Each shoot is hand thinned back to one bunch of fruit and the result is a tiny crop level of 4 tonnes/hectare compared to 6.5 tonnes/hectare allowed in the Medoc, Bordeaux and average crops in Coonawarra and Wrattonbully of 10 tonnes/hectare. Whalebone Vineyard is typically hand harvested in the first half of April.
Hand harvesting in the whalebone Vineyard is a meticulous process and all inferior or damaged fruit is left in the vineyard. The fruit balance at harvest is typically:
The Merlot is the earliest variety and is harvested separately at the end of March. The Shiraz is next, usually in the first week of April and the Cabernet Sauvignon comes a week later. Finally the tiny quantity of Cabernet Franc is harvested a few days after the Cabernet Sauvignon.
This fruit requires no amelioration and achieves the winemaking objective of “naturalness” so important to the optimal expression of the terroir. The hand-harvested grapes of the Whalebone Vineyard are carried in 0.5 tonne bins to the Tapanappa Winery in the Piccadilly Valley.
The bunches are destemmed and only a portion of the liberated berries are crushed between slightly separated rollers. The berries and juice are transferred to 1 tonne tubs at 5ºC where they macerate anaerobically for 3 days before the fermentation is initiated. A small quantity of my own vineyard-selected yeast is added to each tub and the fermentation begins.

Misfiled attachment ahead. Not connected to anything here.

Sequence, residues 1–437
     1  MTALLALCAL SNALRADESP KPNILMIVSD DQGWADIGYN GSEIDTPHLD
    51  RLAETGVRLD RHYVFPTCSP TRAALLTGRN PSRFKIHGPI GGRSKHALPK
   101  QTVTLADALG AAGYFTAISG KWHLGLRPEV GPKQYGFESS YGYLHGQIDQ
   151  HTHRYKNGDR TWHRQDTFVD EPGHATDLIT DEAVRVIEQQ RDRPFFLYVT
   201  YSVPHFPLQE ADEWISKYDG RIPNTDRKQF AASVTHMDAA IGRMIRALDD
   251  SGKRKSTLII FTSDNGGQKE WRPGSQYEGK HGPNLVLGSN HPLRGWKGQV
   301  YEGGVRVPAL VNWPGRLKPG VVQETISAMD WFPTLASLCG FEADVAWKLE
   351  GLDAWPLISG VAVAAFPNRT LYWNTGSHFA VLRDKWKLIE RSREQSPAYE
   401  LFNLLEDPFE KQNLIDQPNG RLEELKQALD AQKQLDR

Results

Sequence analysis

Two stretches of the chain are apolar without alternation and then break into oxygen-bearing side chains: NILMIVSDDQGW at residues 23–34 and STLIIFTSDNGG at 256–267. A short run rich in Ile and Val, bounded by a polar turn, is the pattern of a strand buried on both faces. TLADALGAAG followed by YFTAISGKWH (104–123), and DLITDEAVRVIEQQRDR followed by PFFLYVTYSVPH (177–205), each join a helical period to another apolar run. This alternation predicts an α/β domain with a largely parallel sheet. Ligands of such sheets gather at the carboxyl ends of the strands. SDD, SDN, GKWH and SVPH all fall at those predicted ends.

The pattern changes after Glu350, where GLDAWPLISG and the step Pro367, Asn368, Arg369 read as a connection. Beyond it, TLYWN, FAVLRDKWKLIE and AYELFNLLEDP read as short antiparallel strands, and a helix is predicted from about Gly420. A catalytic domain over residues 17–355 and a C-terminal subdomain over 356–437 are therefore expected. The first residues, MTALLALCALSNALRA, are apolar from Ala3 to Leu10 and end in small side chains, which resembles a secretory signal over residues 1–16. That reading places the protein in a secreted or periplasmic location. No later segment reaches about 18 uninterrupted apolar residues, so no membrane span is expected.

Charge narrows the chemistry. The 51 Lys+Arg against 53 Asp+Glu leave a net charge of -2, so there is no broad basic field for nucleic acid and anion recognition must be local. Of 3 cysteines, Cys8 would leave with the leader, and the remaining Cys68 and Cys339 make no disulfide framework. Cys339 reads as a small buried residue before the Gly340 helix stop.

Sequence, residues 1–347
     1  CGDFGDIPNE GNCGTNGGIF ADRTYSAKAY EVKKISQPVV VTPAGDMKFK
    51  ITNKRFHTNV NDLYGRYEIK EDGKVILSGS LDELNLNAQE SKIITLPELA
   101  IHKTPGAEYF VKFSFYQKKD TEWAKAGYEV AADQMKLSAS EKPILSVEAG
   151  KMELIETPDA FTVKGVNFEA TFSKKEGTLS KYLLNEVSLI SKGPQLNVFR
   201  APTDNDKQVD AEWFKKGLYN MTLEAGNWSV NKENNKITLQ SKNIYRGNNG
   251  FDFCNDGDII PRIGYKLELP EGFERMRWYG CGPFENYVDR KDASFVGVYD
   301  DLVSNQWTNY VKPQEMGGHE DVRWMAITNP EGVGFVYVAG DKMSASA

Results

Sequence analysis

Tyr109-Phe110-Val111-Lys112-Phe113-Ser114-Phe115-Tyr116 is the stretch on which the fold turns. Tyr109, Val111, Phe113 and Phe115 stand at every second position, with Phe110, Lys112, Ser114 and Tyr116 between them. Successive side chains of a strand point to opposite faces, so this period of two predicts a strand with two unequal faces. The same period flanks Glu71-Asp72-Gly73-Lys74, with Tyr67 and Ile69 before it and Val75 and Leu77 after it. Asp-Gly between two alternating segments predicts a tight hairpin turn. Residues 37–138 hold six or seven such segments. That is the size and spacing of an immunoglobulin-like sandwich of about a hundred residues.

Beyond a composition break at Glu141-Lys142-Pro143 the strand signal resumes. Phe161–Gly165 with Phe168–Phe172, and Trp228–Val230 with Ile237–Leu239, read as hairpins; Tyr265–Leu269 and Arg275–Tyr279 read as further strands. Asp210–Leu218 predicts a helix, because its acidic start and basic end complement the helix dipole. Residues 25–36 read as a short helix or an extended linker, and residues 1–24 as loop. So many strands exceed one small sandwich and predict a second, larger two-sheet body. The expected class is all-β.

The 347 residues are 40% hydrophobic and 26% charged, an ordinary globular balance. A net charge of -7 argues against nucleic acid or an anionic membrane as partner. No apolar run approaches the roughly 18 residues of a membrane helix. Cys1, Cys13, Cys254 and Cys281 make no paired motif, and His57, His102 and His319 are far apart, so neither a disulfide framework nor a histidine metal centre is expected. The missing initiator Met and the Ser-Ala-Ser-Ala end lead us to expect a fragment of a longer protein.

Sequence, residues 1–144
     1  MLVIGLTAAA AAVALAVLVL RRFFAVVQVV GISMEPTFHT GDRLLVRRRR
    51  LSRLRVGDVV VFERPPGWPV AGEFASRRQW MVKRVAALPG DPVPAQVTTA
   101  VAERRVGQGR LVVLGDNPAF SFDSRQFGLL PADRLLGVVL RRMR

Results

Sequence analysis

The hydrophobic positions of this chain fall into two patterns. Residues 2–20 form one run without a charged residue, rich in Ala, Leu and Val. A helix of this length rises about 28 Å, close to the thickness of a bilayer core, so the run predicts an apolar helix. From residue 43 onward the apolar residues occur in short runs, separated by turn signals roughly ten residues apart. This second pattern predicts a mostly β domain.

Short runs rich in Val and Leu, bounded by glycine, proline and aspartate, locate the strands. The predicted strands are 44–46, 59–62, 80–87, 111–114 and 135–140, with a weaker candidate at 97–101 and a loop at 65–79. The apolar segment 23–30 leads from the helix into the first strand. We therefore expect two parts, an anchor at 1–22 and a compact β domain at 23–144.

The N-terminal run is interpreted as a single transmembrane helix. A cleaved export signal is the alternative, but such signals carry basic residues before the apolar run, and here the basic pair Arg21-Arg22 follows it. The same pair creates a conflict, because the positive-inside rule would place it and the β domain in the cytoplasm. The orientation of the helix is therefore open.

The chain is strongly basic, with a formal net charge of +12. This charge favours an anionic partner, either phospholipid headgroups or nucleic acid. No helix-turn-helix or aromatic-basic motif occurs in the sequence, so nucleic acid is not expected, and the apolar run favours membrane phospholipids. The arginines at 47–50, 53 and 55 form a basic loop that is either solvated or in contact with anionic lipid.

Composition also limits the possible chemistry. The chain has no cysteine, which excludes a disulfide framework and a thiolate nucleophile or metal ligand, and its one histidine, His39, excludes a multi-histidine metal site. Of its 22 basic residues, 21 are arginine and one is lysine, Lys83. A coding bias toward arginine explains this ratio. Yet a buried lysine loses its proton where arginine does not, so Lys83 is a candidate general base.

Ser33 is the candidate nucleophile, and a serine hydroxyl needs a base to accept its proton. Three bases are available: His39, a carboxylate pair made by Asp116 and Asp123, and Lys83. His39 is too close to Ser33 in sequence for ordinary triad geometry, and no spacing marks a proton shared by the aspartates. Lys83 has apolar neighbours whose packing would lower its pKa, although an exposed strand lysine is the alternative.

The rising cap of skins is hand plunged and mixed with the fermenting juice twice per day. The cap of skins achieves temperatures of 30ºC between plungings over the first week of the fermentation. In the second week of fermentation the temperature decreases but the plunging continue until all of the sugar is exhausted.
At dryness the tub is sealed anaerobically and in the third week the cap sinks beneath the wine surface. After 24 days in the tub, the clear wine is drained away from the skins and the wet skins are gently pressed in a small air bag press. Light pressings are added back to the drained wine to the extent dictated by taste.
The turbid freshly separated wine is immediately drained to 70% new and 30% one use French oak barriques from the Alliers and Nevers forests of the “Centre of France”.
A tiny quantity of my own selected malolactic bacteria is added to each barrique and the separate varietal components of Tapanappa Whalebone Vineyard are allowed to complete the malo-lactic fermentation on full lees in barrique.
At completion of malo-lactic the wines are removed from barrique, a small amount of sulphur dioxide is added and the wine, complete with lees, is returned to barrique. The wines are clear racked from barrique each 6 months and returned so that after 18 months the wine is clear.
After 20 months in new barriques the final blend is assembled from the varietal ingredients and is fined with the equivalent of 3 fresh egg whites per barrique.
The brilliantly clear Tapanappa Whalebone Vineyard blends are racked to bottle without filtration.
The typical final “in bottle” analysis of Tapanappa Whalebone Vineyard Cabernet Shiraz and Whalebone Vineyard Merlot Cabernet Franc is:
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Liquor Licensing Act 1997
It is an offense to sell or to supply to or to obtain liquor on behalf of a person under the age of 18 years.
Liquor license No. 50809187
Wines are sold by Tapanappa Wines Pty. Ltd. ABN 86 104 001 667